Public policy and health promotion interventions (a part of the sociopolitical context) need to have an inequality perspective to have desired impact and accordingly modify tobacco control policies. Uniform population-based approach of health education had worsened social inequalities as major benefits are harnessed by upper economic classes. Tobacco control measures that differentially target the poor include banning of advertisements, raising tobacco prices, work place interventions, free supply of cessation aids, and telephone help lines. Taxation has been reported as the most effective policy measure to curb smoking epidemic in poor. A 10% increase in bidi prices cut down bidi consumption by 9.2%.

All in all, addressing the inequalities in tobacco consumption did not necessitate introducing new set of interventions for tobacco control, but modifying the existing ones. To reduce the mortality and morbidity related to tobacco, there should be suitable policy reformation with interventions like inclusion of large public health programs in relation with NCD program to solve this problem holistically.

Financial support and sponsorship


Conflicts of interest

There are no conflicts of interest.

  References Top

WHO. Press release on tobacco 2014. Available from: www.searo.who.int/mediacentre/features/2014/taxing-tobacco-to-protect-the-health-poor/en/. [Last accessed on 2017 Oct 28].  Back to cited text no. 1
Smokeless Tobacco & public health in India. Available from: https://mafiadoc.com/smokeless-tobacco-and-public-health-in-india-report-_599ae6a71723dd09401acdee.html. [Last accessed on 2017 Oct 28].  Back to cited text no. 2
Mishra GA., Pimple SA, Shastri SS. An overview of the tobacco problem in India. Indian J Med Paediatr Oncol 2012;33:139-45.  Back to cited text no. 3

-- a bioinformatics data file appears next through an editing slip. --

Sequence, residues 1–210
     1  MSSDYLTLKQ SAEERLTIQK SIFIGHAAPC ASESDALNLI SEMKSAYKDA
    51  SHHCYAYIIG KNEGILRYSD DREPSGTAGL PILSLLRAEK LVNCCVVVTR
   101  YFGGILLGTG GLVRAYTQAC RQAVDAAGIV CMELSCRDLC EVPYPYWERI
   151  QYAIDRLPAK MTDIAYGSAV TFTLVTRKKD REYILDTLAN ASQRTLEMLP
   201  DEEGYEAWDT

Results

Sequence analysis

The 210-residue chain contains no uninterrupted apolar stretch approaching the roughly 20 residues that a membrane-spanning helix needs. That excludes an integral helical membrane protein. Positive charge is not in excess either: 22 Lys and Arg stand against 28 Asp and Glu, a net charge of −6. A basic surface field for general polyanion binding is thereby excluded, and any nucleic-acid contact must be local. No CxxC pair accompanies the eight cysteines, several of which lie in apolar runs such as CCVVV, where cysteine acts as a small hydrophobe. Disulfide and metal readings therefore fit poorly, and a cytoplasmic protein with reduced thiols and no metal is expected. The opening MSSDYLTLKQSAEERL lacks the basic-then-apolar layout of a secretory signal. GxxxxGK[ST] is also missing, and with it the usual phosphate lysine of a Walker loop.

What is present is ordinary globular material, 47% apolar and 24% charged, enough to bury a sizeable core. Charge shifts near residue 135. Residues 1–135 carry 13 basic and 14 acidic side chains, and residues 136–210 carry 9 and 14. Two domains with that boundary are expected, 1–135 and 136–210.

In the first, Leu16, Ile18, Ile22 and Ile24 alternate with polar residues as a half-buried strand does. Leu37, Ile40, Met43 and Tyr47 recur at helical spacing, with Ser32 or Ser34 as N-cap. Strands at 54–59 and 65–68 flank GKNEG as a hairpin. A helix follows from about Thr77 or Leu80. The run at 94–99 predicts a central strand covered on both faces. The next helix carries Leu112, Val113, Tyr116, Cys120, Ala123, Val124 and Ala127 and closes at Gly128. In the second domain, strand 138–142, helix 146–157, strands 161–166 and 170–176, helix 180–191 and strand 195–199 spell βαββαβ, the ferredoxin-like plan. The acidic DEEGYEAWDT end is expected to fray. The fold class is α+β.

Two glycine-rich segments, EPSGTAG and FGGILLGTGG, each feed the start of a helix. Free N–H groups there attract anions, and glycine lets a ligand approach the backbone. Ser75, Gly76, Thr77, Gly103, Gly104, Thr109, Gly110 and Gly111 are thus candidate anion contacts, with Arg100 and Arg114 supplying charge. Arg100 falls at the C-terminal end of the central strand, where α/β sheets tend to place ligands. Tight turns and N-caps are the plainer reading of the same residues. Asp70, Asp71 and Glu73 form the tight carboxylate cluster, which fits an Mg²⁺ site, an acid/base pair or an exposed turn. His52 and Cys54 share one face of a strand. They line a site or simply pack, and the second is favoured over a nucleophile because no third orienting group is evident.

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WHO. Tobacco Free Initiative. Global Adult Tobacco Survey (GATS) India report 2009–2010. Geneva, Switzerland: World Health Organization; 2011.  Back to cited text no. 4
Hiscock R, Bauld L, Amos A, Fidler JA, Munafò2 M. Socioeconomic status and smoking: A review. Ann N Y Acad Sci 2012;1248:107-23.  Back to cited text no. 5
Thakur JS, Prinja S, Bhatnagar N, Rana SK, Sinha DN, Singh PK. Widespread inequalities in smoking & smokeless tobacco consumption across wealth quintiles in States of India: Need for targeted interventions. Indian J Med Res 2015;141:789-98.  Back to cited text no. 6
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Sorensen G, Gupta PC, Pednekar MS. Social disparities in tobacco use in Mumbai, India: The roles of occupation, education, and gender. Am J Public Health 2005;95:1003-8.  Back to cited text no. 7
Corsi DJ, Subramanian SV. Divergent socio-economic gradients in smoking by type of tobacco use in India [Short communication]. Int J Tuberc Lung Dis. 2014;18:122-4.  Back to cited text no. 8
Tobacco and women's health. Available from https://women.smokefree.gov/11- harmful-effects-of-smoking- on-women's-health.aspx. [Last accessed on 2017 Oct 28].  Back to cited text no. 9
Reichert VC, Seltzer V, Efferen LS, Kohn N. Women and tobacco dependence. Obstet Gynecol Clin North Am 2009;36;877-90.  Back to cited text no. 10
GATS-II India (2017). Available from http://www.searo.who.int/india/mediacentre/events/2017/gats2_india.pdf?ua=1. [Last accessed on 2017 Oct 28].  Back to cited text no. 11
Agrawal S, Karan A, Selvaraj S, Bhan N, Subramanian SV, Millett C. Socio-economic patterning of tobacco use in Indian states. Int J Tuberc Lung Dis. 2013;17:1110-7.  Back to cited text no. 12
Sreeramareddy CT, Pradhan PM, Mir IA, Sin S. Smoking and smokeless tobacco use in nine South and Southeast Asian countries: Prevalence estimates and social determinants from demographic and health surveys. Popul Health Metr 2014;12:22.  Back to cited text no. 13